A number of provincial sports leagues in Nova Scotia have voluntarily decided to shut down for two weeks.Those decisions come a day after the Nova Scotia government brought in new regulations to clamp down on travel in and out of Halifax Regional Municipality to try and reduce the spread of the COVID-19 virus."It's a year of not being the norm," said Nova Scotia U15 Major president Todd Watson. "Our teams outside of Halifax could continue to play, but we want to be part of the solution and not part of the issue, so we will shut down our league for two weeks."The U15 league has five of its 12 teams within HRM.Practices to continue outside HalifaxWatson said teams outside the Halifax zone can still practice, but teams inside the Halifax zone will not be able to because facilities have been closed.Another provincial league, with no teams in the Halifax area, has also shut down.The Scotia Minor Hockey League is an under-11 league with nine teams scattered throughout mainland Nova Scotia."To ensure all teams remain in their respective health zones, effective immediately all Scotia Minor regular-season league play will be suspended until Dec. 9," stated a notice posted to the league website.In total, 11 minor hockey associations in the Halifax zone are impacted by yesterday's announcement and will be off the ice for two weeks. The province will re-evaluate in 14 days and could extend the conditions if COVID-19 numbers don't improve.Any Halifax-area players who are playing for other teams outside their zone will no longer be allowed to travel and be with the team. As an example, the Koltech Valley Wildcats U18 team has eight players from HRM on their roster."These players are also not permitted to participate in any Hockey Nova Scotia-sanctioned activities (including practices, training sessions, or games with their teams) while these restrictions are in effect," a statement posted on the Hockey Nova Scotia website late Tuesday read.School sports also on breakAll school sports, in all regions of the province, are also being paused until Dec. 10.Other leagues, including the Nova Scotia Junior Hockey League, will be holding meetings to determine how they move forward."You can't cross players from different health zones and we have a team that is in the northern health zone (Cumberland Blues) that pulls players from the eastern zone and those players can't play for them," said Nova Scotia Junior Hockey League president Heather Campbell."We have a meeting tonight to determine what we'll do."Campbell said only four of the 12 teams in the league — Glace Bay, Eskasoni, Port Hawkesbury and Antigonish — won't be impacted by the new restrictions.MORE TOP STORIES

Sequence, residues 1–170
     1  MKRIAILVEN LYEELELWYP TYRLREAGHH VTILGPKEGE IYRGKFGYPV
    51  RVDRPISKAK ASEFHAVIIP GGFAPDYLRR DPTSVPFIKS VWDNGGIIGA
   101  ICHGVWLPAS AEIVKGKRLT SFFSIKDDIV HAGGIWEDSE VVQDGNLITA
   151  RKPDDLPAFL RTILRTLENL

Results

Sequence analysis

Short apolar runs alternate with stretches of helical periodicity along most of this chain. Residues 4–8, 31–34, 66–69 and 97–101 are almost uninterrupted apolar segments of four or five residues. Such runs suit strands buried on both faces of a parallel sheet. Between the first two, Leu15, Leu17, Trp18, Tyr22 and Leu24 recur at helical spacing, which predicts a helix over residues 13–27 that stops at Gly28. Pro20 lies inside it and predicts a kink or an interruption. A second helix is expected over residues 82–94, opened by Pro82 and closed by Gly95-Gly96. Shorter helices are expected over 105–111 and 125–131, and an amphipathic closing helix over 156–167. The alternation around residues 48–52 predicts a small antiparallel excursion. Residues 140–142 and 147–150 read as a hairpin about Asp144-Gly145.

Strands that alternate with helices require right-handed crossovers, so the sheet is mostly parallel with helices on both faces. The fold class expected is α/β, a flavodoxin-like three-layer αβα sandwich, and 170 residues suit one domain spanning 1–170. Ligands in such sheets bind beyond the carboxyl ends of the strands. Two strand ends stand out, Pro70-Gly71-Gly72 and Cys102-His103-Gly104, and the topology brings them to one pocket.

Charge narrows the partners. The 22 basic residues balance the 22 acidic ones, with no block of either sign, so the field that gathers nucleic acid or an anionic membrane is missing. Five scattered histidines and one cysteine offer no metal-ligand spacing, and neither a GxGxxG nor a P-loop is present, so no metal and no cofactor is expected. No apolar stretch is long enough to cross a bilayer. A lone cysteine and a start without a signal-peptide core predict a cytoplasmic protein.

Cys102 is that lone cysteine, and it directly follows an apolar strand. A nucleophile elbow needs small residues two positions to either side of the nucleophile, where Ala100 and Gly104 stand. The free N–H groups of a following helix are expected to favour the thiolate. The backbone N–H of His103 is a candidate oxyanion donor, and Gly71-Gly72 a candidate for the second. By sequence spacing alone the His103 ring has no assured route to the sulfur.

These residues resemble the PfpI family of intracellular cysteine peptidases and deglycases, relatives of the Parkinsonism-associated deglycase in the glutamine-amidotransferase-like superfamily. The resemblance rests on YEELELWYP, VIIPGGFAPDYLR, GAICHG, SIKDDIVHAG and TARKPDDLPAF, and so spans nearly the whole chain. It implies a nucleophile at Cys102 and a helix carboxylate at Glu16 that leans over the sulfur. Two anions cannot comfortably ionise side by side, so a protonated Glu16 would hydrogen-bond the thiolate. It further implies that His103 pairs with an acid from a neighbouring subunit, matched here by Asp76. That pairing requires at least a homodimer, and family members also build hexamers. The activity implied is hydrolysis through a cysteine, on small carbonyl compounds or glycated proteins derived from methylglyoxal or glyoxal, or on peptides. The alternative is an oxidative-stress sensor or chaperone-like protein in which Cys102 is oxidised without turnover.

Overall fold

The MPP for Simcoe North says she believes Indigenous people in her riding and elsewhere in Ontario have taken COVID-19 seriously, and she is pleased to see that. Jill Dunlop said that during the first wave of the pandemic, 119 of the 133 Indigenous territories in Ontario reported no on-reserve cases of the coronavirus. That bucks a trend, particularly in Saskatchewan and Alberta, where the rate of COVID infection is substantially higher among Indigenous people than it is among non-Indigenous people. Dunlop credits the First Nations leaders in Ontario for taking preventive steps. “Some First Nations communities have taken additional measures to stop the spread during the pandemic. Some had established curfews. Some were only allowing residents of that community to come into the community, using a checkpoint,” Dunlop said. “They are also following public health regulations to make sure they are not bringing COVID back into their communities as well.” Dunlop said that the respect that Elders have in their communities is a likely part of the reason COVID numbers have been lower in First Nation communities. “If this was something that was affecting young people, we would see our (Elders) do everything they could to protect our young people,” she said. “We need to do the same to protect our seniors from the virus in this case.” Dunlop’s riding includes two First Nation Territories: the Chippewas of Rama First Nation near Orillia and the Beausoleil First Nation located on Christian, Beckwith and Hope islands on Georgian Bay, not far from Penetanguishene. As of last week, only four COVID cases had been diagnosed on the Rama territory since the global pandemic began. All were detected in October and all four patients have since recovered. There have been no cases reported on the Beausoleil First Nation Territory. Meanwhile, Dr. Charles Gardner, medical officer of health with the Simcoe Muskoka District Health Unit, said he, too, is extremely pleased with the way Indigenous people on the territories the unit serves have handled the pandemic. “People need to be aware how (the virus) is transmitted. Ideally, you are sticking to your household for intimate contact and that you are otherwise maintaining a two-metre distance from other people, even if they are family and they are not in the household,” the doctor said. Dr. Gardner said he is very aware that it is only natural for Indigenous people to want to get together with extended family and friends. But, he added, that comes with risks and natural tendencies have to be overcome and precautions are needed at this time. The doctor added that currently they don’t publicly report COVID cases from the four First Nations territories that the health unit serves in Muskoka and Simcoe Region. John McFadden is a Local Journalism Reporter with The Parry Sound North Star, MuskokaRegion.com and Simcoe.com. LJI is funded by the Government of CanadaJohn McFadden, Local Journalism Initiative Reporter, muskokaregion.com